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Asbury’s (ABG) CEO Ken Gilman directly addressed the idea of leaving the customer interface side alone (but still improving the processes). He said: “for the customer facing activities, we want to take advantage of the entrepreneurial heritage of the industry.” He went on to explain that the reason for this is that the business is expressed in unique ways in specific markets. But the infrastructure, that is those areas where the customer does not get involved in, Mr. Gilman feels the company can leverage its scale.

He tended to define "customer facing activities" as those activities that involved the people at the store. So the human resources, ability to hire, fire, and set the compensation plans, are all set at the local level. But on the infrastructure side of the equation, I thought it might be helpful just to lay out the tools and processes that they are working toward standardizing to lower their cost structure (and improve productivity).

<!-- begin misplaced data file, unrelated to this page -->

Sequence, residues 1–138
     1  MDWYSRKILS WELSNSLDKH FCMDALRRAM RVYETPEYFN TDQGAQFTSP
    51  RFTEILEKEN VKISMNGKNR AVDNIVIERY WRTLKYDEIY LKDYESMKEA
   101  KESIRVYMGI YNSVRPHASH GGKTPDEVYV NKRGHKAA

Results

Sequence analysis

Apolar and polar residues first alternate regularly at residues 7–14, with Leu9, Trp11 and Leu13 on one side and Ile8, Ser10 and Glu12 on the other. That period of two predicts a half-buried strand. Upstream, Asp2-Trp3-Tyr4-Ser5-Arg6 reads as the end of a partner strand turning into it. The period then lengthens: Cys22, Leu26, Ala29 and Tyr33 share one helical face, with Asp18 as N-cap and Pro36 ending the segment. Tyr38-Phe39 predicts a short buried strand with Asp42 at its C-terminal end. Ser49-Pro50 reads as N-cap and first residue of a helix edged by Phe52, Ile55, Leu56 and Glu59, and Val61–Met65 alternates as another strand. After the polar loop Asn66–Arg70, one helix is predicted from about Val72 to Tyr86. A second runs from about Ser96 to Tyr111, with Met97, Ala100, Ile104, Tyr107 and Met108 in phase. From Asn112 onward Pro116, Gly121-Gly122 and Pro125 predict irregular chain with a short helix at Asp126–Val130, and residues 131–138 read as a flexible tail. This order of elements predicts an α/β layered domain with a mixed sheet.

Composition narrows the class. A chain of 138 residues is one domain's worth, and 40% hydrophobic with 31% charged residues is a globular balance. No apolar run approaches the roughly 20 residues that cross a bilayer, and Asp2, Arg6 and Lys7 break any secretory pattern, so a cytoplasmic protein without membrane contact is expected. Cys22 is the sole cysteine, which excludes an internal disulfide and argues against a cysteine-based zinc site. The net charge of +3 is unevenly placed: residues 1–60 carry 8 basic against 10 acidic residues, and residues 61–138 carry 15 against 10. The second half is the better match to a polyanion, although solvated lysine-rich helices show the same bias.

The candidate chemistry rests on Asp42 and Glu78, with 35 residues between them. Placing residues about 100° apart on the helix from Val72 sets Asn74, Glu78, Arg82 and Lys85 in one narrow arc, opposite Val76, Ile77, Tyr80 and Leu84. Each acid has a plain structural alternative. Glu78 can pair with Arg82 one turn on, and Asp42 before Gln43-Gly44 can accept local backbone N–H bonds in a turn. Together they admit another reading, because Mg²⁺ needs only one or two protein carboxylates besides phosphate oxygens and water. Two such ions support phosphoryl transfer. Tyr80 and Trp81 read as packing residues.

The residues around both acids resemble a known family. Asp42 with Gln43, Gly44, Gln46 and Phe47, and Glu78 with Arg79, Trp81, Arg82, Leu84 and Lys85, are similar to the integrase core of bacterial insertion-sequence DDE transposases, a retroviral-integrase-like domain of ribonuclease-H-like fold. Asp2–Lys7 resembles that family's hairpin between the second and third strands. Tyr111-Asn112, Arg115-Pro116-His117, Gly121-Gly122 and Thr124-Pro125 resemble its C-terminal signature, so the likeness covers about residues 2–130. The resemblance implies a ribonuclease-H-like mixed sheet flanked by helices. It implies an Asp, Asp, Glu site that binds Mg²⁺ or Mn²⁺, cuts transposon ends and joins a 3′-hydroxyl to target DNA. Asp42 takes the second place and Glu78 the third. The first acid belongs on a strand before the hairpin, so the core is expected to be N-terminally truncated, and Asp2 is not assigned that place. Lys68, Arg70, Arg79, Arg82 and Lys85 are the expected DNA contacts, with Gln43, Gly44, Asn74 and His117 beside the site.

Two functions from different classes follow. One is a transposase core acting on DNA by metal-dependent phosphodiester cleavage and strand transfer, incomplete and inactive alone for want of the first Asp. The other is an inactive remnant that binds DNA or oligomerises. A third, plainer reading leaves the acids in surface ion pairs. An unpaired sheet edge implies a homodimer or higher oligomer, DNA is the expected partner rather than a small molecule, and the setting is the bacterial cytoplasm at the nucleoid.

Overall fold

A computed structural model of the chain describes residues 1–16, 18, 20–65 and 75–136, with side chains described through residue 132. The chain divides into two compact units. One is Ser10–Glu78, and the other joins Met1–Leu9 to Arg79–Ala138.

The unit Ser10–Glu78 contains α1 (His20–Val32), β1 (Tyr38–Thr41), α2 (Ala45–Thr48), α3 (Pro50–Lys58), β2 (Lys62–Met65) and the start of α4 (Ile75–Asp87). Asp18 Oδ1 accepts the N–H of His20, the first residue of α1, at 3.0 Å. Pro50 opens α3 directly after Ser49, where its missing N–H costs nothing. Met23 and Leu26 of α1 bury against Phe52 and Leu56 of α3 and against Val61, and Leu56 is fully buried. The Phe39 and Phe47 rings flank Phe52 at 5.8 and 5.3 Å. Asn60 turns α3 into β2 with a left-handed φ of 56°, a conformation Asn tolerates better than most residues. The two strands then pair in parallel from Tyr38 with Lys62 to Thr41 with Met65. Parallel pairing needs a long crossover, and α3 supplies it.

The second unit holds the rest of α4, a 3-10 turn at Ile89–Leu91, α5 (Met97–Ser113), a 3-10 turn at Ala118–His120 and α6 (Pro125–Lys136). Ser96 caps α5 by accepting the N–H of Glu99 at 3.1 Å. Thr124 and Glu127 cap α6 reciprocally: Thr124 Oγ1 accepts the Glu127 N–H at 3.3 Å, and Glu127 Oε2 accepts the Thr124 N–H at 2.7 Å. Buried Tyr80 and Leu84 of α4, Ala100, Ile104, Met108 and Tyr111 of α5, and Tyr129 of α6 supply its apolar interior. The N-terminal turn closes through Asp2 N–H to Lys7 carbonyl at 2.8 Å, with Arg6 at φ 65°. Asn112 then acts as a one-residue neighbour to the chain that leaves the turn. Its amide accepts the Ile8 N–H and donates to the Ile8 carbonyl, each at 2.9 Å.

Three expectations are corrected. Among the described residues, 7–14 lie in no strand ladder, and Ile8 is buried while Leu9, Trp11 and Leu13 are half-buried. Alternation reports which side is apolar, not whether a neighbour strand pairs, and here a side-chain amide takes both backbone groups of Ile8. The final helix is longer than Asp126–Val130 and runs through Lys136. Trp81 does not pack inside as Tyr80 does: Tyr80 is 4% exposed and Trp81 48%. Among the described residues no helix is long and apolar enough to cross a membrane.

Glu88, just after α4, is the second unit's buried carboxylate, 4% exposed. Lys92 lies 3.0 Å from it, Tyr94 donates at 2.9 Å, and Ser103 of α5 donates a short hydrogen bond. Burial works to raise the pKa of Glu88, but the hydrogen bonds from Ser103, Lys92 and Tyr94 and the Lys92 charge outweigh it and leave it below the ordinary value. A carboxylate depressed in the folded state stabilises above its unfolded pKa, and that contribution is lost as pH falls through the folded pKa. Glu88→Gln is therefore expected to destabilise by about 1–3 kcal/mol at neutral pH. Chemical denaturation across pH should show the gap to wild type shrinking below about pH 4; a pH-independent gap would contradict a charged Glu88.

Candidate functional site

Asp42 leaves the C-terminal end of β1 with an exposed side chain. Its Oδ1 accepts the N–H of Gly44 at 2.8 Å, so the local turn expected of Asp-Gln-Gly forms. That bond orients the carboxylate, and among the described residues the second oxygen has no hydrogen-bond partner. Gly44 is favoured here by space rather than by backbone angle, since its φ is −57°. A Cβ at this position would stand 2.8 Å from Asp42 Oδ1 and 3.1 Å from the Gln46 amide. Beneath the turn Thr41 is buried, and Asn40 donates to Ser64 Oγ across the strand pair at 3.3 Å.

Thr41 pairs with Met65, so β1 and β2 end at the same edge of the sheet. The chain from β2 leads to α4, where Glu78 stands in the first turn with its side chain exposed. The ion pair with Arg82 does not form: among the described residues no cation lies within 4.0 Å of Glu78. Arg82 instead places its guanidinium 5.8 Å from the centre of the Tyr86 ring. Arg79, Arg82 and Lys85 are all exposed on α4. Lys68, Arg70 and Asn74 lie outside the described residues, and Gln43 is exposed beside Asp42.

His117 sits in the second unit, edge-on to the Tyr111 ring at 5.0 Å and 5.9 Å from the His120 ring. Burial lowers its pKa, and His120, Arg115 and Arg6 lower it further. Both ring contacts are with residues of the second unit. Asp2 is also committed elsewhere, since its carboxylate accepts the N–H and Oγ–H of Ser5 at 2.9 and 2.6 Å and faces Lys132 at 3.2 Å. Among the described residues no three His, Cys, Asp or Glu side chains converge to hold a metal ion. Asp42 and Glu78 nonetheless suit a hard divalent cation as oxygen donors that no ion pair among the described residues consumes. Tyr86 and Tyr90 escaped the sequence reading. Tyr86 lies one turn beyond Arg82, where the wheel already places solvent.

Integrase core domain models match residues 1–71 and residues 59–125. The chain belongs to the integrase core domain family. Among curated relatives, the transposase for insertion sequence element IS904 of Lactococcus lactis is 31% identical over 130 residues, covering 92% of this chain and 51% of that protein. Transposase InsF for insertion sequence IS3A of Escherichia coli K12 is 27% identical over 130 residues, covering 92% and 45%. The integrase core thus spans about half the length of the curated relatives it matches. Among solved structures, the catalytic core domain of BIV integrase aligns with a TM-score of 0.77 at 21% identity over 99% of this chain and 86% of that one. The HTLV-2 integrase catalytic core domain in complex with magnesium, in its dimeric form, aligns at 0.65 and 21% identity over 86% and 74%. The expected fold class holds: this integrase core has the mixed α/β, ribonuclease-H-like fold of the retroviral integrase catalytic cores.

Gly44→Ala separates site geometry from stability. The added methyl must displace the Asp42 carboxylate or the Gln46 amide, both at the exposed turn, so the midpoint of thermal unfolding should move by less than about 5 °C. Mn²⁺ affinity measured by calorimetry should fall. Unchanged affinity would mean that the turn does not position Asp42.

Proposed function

Uniform technologies: like a common dealer management software [DMS] system, desking tools, customer relationship management [CRM] software, used car management software, and website technology.

Processes: single chart of accounts, F&I national contracts, store design, training requirements, used certification program, compliance and other public company governance activities, and internet processes.

So here was the best part (I thought) of Mr. Gilman’s presentation. He said their goal is to attract and retain strong General Managers (GMs). And so even with their investments into some common infrastructure stuff, you get the feeling that Asbury’s General Managers feel like they are being empowered (in other words that they are not losing their entrepreneurial spirit). Why do I think that? Because Mr. Gilman said that they have reduced their GM turnover from 35% in 2003 to 21% in 2005.

ABG 1-yr chart:

ABG 1-yr chart

Source: Asbury Automotive: Empowering Its General Managers